August 18, 2016 at 11:46 am EDT | by Chris Johnson
New rules allow trans athletes to compete
transgender athletes, gay news, Washington Blade

Chris Mosier starred in a Nike ad highlighting his status as a trans athlete. (Photo via Twitter)

New rule changes at the International Olympic Committee and the World Out Games are affording new opportunities to transgender athletes in time for major events amid the ongoing Olympic Games in Rio de Janeiro, Brazil.

Both organizations have loosened the qualifications for transgender athletes to compete, which is what allowed Chris Mosier, a transgender athlete, to compete as part of the men’s U.S. national team in the Sprint Duathlon World Championship in Spain.

Earlier this month in an interview with Rolling Stone, Mosier said changing gender identity wasn’t going to stop him from achieving his goals as an athlete.

“When I think back to growing up as an athlete, every positive thing that I learned about goals, dedication, leadership, and values I learned from playing sports — this was an area of my life where I felt the best about myself,” Mosier is quoted as saying. “That shouldn’t change because a pronoun has changed. I took this on because I think all athletes and all people should have the opportunity to play sports and have a place where they can feel their best about themselves.”

Although neither Mosier nor any openly transgender athlete is participating in the Olympic Games, Mosier gained notoriety by starring in a Nike ad that aired on NBC highlighting his status as a transgender athlete during the event in Brazil.

Prior to Mosier’s challenge of the IOC policy, the organization required gender reassignment surgery and at least two years of hormone therapy for both transgender men and women to compete.

But under the new policy announced in January 2016, female-to-male athletes can take part in the Olympics and other international events “without restriction” or a surgery requirement. Surgery is also no longer required for male-to-female athletes, but they must demonstrate their testosterone level is consistently below a certain cutoff point for at least a year before their first competition.

Ashley Grove, an ambassador for the pro-LGBT group Athlete Ally, said Mosier is the most prominent example being able to compete as a result of the new policy, but maintained he’s likely only the first.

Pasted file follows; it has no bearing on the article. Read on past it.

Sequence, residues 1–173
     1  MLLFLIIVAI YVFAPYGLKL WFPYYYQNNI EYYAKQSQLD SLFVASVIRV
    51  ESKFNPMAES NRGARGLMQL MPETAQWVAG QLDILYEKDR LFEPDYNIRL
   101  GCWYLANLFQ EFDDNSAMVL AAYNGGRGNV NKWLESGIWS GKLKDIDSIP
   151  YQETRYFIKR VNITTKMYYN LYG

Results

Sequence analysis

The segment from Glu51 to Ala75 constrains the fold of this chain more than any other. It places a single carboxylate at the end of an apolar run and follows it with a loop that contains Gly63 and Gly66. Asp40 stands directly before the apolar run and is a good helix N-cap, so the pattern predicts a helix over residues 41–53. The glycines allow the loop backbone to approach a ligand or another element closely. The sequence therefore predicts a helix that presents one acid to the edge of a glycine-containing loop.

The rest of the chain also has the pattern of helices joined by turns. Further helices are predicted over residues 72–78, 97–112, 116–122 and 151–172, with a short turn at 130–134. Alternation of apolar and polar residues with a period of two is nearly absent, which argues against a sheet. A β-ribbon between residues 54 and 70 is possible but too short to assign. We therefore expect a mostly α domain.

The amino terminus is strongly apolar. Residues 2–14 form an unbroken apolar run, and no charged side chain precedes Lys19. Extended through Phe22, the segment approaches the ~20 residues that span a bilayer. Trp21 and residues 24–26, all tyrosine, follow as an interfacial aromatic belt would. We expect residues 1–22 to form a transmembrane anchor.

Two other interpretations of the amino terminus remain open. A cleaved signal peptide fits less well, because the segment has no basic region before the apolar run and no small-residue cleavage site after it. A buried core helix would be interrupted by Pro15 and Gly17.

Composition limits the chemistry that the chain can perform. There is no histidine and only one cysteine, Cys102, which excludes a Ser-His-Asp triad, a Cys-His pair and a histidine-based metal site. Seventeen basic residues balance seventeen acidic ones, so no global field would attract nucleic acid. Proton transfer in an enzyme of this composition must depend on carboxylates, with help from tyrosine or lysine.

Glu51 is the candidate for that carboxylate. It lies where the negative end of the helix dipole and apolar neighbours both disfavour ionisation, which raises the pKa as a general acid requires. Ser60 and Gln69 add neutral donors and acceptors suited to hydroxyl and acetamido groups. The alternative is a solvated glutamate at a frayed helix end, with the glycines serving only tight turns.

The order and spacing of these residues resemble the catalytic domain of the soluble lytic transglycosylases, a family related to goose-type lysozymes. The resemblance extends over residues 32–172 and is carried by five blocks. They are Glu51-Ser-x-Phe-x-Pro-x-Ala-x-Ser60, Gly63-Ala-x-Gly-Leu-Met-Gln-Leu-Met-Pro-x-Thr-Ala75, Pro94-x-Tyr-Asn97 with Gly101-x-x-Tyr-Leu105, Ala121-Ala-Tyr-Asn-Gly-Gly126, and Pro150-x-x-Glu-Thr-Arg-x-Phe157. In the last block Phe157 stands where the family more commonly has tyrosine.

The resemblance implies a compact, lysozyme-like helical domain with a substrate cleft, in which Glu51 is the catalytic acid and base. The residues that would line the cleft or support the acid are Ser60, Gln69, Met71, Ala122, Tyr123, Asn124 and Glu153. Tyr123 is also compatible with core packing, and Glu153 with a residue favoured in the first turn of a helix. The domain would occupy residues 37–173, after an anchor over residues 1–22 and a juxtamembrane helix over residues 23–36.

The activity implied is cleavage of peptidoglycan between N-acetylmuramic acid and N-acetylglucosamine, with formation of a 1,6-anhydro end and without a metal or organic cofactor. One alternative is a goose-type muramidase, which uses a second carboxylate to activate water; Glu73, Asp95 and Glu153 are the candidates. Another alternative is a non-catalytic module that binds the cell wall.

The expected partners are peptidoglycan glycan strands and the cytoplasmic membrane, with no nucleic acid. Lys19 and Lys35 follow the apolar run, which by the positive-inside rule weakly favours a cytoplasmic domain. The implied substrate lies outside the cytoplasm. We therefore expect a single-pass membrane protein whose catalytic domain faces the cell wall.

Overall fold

“What we’re going to see is just probably more transgender athletes being able to compete in general,” Grove said. “The surgery requirement for trans people who are not athletes is very difficult and sometimes not wanted. We’re still going to see more trans athletes compete at the Olympic level.”

The Out Games, an international sports event that started after a split from the Gay Games in 2006, adopted a new policy for transgender athletes in August 2015 allowing athletes to register on a self-declaration basis with the gender team consistent with their gender identity.

Although the Out Games seeks identification affirming the gender identity of athletes looking to compete, the organization will accept a letter from a healthcare provider, mental health counselor, an educational institution or a community-based or religious organization in case of transgender athletes who are unable to change the gender markers on their IDs. In the event such documentation isn’t available, the Out Games will accept transgender athletes without ID matching their gender identity on a case-by-case basis.

Grove said the policy established by the Out Games makes the organization “more lenient” for transgender athletes than the International Olympic Committee.

“There’s nothing about hormone testing,” Grove said. “There’s nothing about surgery. It’s pretty much the policy sports groups advocate for, but it’s not as rigid as the IOC’s policy or the NCAA’s policy.”

While no Out Games competition has taken place since the federation adopted the rules in 2015, Grove said she “imagine[s] we’ll see a difference” in the number of transgender athletes at the event in Miami 2017.

Grove said the change at the International Olympic Committee and the Out Games should enable other sports organizations and schools to update their policies to allow transgender athletes to compete.

“We’re pushing for rec leagues to have a change, we’re pushing for international sports leagues to have a change,” Grove said. “I guess for high schools that’s the next biggest institution. We’re going to need to be like real change across the board because we have it now at the Olympic level, we have it now at the collegiate level, we do not see it at the high school level.”

Chris Johnson is Chief Political & White House Reporter for the Washington Blade. Johnson is a member of the White House Correspondents' Association. Follow Chris

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